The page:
Readers don’t connect with cliches. Readers don’t connect with Hallmark Cards (except, perhaps, our Moms on Mother’s Day). Readers respond to personal. That’s what elephant journal pushes for. Because, at the end of the day, we’ve all been there.

Grammar is not my strong suit. I get caught in my rambles and grammar gets lost along the way. I was told not to worry as much about grammar, that rawness was treasured over all things. A rock can be polished and still be genuine but Fool’s Gold cannot.

“Write your mind. When we’re best at writing, we’re simply genuine.”

Not only does elephant journal desire rawness, mindfulness and authenticity; they practice what they preach.

I attended part of their work retreat in Boulder, Colorado. I was astounded when we did yoga under the sun and meditated before starting a meeting (I know, sign me up full-time). I had just worked a pretty mainstream yoga festival where the work ethic did not coincide with the yogic message they were trying to perpetuate.

Elephant was different.

Each staff member suggested desired changes for the publication; each one was listened to and open feedback was given. There was an underlying rule in the room: “I’ll accept you as you are if you accept me as I am.” Each employee of this publication is so uniquely themselves: open and accepted. It’s beautiful (really, I’m at a loss for words here).

No bullsh*t. No scripts.

Hiking, farmers markets and the Shambhala Mountain Center were staff retreat activities. They used reusable water-bottles; forget plastic. They biked everywhere. They meditated. They bowed. They ate at organic, local restaurants. They listened to me tell stories about the Chakras without looking at me like I was bat-sh*t crazy. They don’t think you’re weird when you dive in a pool fully clothed because you want to join in on the fun.

If you get the chance to meet, work with or attend anything with the elephant journal staff, take it. Embrace being raw. It’s welcomed.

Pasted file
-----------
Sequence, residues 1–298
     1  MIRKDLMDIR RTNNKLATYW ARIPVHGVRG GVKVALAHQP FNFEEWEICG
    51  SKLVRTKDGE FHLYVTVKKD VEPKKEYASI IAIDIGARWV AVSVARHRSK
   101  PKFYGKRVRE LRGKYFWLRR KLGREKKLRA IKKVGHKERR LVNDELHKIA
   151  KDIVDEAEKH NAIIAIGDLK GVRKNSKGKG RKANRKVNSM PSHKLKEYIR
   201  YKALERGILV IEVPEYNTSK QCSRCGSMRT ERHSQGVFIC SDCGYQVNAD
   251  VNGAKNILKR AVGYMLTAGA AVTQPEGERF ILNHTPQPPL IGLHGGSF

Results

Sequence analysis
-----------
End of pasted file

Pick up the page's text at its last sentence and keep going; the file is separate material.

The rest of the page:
I’ve learned to give more of myself outside the writing world. I’ve dropped editing my thoughts and started being genuine in communicating my feelings and desires.

I’ve found myself biking to the library to get yellowing books on punctuation, grammar and Hemingway. I carry a mason jar everywhere to minimize my plastic cup use. If I don’t agree with something you’ll hear about it now (sorry, friends, for the Donald Trump rants. Although I do think elephant journal holds plenty of examples of countering politically correctness).

I’ve learned not to let my ego get bruised with criticism but to use it as a vehicle to get better. I shared a blog that I published to a group of fellow elephant apprentices. They commented on a few grammatical errors; the errors were easy and quickly fixed. “Old Elizabeth” would have fallen over in dramatic disgrace by imperfection, letting my mind criticize, “You suck!”. Instead, a simple “sh*t!” was uttered, lesson was learned. We can grow from criticism or torture ourselves.

“If you get criticisms it’s not bad. It’s good! You can learn. It’s saying, give us more of yourself and connect more. It’s not saying: you are bad. It’s saying: you are good, we want to hear more from you.” ~ Waylon Lewis 

I’ve become more raw as a writer, less judgmental as a reader and more caring as an editor.

I’ve stopped worrying about what the reader will think and focus instead on telling my story simply, describing little details.

I’m sitting here, sipping my cinnamon-doused coffee, talking to you like you’re sitting across the table from me (secretly thankful you can’t snag a bite of my overly-large chunky carrot cake).

I digress. My point, dear reader, is give more of yourself to the world. Give more. Be you. Be raw.

 

Author: Elizabeth Brumfield

Assistant Editor: Elizabeth Brumfield/ Editor: Caroline Beaton

Photo: Author’s own